What are you looking for on day 1 of Royal Ascot?

In any usual summer, Royal Ascot, with impeccable courtesy, awaits the conclusion of the Point-to-Point season at the Torrington Farmers fixture at Umberleigh, before affirming that the flat scene will take precedence until October.

Every year, in the middle of June, Royal Ascot launches with a style and panache most events worldwide can only dream of. Each day begins with the entrance of the Queen and other royal family members in horse-drawn carriages down the straight mileto the parade ring. After completing the parade, they enter the Royal Enclosure. But like so many things that are different in 2021, there will be no royal parade this year. In fact, the Queen will not attend every day, the first time she hasn't attended since 1947.

Below, I will share a brief description of each race from day one of the Royal Ascot. You can also find the entire Royal Ascot day one tips & previews. This link will also highlight the odds and predictions of the day, so you can anticipate and place your bets according to experts' advice.

The Queen Anne Stakes launches the 7 race card around 2:30 pm after other members of the Royal family take their place in the Enclosure. Royal Ascot opens with this race in memory of Queen Anne, who started the meeting on Ascot Heath over 300 years ago. The age limit for this one-mile race includes four years and older horses.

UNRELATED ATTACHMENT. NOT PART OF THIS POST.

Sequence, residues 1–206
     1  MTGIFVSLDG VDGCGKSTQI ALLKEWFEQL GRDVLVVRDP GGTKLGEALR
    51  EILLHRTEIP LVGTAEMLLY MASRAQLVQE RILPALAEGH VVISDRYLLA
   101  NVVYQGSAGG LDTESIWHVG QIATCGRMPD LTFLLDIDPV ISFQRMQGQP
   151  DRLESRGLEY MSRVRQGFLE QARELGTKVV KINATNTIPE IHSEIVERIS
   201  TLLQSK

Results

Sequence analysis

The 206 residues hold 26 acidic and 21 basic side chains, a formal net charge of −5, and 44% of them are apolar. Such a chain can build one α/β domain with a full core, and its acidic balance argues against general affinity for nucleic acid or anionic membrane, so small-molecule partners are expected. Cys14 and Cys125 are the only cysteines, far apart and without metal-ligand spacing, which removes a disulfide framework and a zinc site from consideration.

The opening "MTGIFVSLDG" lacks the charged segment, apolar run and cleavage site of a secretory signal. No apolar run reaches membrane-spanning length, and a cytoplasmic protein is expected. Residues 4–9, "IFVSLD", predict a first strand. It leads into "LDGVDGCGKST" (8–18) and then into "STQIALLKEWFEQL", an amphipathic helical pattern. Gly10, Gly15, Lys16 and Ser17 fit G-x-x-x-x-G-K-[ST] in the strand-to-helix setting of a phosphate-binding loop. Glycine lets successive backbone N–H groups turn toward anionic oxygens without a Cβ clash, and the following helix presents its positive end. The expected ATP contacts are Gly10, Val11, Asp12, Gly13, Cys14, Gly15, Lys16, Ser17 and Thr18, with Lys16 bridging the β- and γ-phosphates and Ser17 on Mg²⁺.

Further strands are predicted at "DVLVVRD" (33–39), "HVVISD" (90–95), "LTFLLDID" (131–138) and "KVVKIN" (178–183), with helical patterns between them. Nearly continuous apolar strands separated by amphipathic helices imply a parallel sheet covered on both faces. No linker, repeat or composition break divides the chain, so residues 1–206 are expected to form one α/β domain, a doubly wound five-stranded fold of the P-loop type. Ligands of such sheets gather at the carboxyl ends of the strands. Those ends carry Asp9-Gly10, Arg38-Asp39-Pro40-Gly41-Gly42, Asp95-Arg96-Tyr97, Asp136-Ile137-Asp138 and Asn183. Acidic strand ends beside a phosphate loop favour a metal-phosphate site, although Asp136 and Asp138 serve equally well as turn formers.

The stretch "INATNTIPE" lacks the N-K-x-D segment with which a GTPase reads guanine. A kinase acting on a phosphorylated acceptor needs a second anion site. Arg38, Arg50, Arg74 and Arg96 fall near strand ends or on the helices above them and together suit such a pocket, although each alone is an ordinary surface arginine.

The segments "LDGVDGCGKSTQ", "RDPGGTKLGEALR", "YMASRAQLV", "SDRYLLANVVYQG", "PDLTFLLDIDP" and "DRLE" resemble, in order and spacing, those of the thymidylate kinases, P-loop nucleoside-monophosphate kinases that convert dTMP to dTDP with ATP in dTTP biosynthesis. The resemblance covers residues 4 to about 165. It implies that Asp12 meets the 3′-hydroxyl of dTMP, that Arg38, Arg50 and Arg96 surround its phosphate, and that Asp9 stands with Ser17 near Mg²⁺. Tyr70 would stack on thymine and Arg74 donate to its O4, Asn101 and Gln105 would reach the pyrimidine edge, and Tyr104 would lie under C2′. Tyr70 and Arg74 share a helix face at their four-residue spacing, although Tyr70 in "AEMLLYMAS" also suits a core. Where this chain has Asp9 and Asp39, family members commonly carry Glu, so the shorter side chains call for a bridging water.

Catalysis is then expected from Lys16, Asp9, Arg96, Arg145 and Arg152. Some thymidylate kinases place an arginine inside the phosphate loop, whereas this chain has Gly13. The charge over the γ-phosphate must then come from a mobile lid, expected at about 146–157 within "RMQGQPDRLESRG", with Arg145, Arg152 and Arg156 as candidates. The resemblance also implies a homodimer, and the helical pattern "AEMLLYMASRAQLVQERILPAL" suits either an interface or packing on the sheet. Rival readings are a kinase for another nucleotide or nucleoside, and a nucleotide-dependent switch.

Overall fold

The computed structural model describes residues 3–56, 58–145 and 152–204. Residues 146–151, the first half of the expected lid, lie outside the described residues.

Next up, the Coventry Stakes at 3:05 pm shows us the most precocious 2-year-olds, over a distance of 6 furlongs on the straight course. This is a race on the upgrade after promotion to Group II status in 2004. Sir Gordon Richards still holds the title of leading jockey in this race with nine winners.

The King's Stand Stakes (3.40pm) is a remarkable Group 1 race for three-year-olds. Over the minimum trip, it sets up the winner as the champion sprinter elect, and this year, Battaash is coming back for a second attempt after last year's comprehensive victory.

The 3.00pm race is the Edward VII Stakes. Once upon a time, people referred to this race as the Queen's Stand Plate, but after the death of Queen Victoria, the organizers named the race after King Edward VII, who embraced Royal Ascot with vigour. It's often a race for horses who didn't make it in the Derby.

One of my favourite races is the Ascot Stakes over 2m4f, the sixth race of the opening day. 10 of last year's 19 runners hailed from yards better known for their Jumping stock, and Alan King ran out a winner with Coeur du Lion, a fine name for a racehorse. He was one of three Royal Ascot winners for a man who is regularly in the top 5 Jumps trainers in the UK, but interestingly, his effort has been more evenly split in recent years between the two codes.

Others represented last year included Nicky Henderson, Paul Nicholls, Ian Williams -a very able operator under both codes - David Pipe, Dan Skelton and Gary Moore - another versatile dual-purpose performer. Along with the Queen Alexandra Stakes on Saturday over the even longer 2m 6f, they remain my two favourite Ascot races.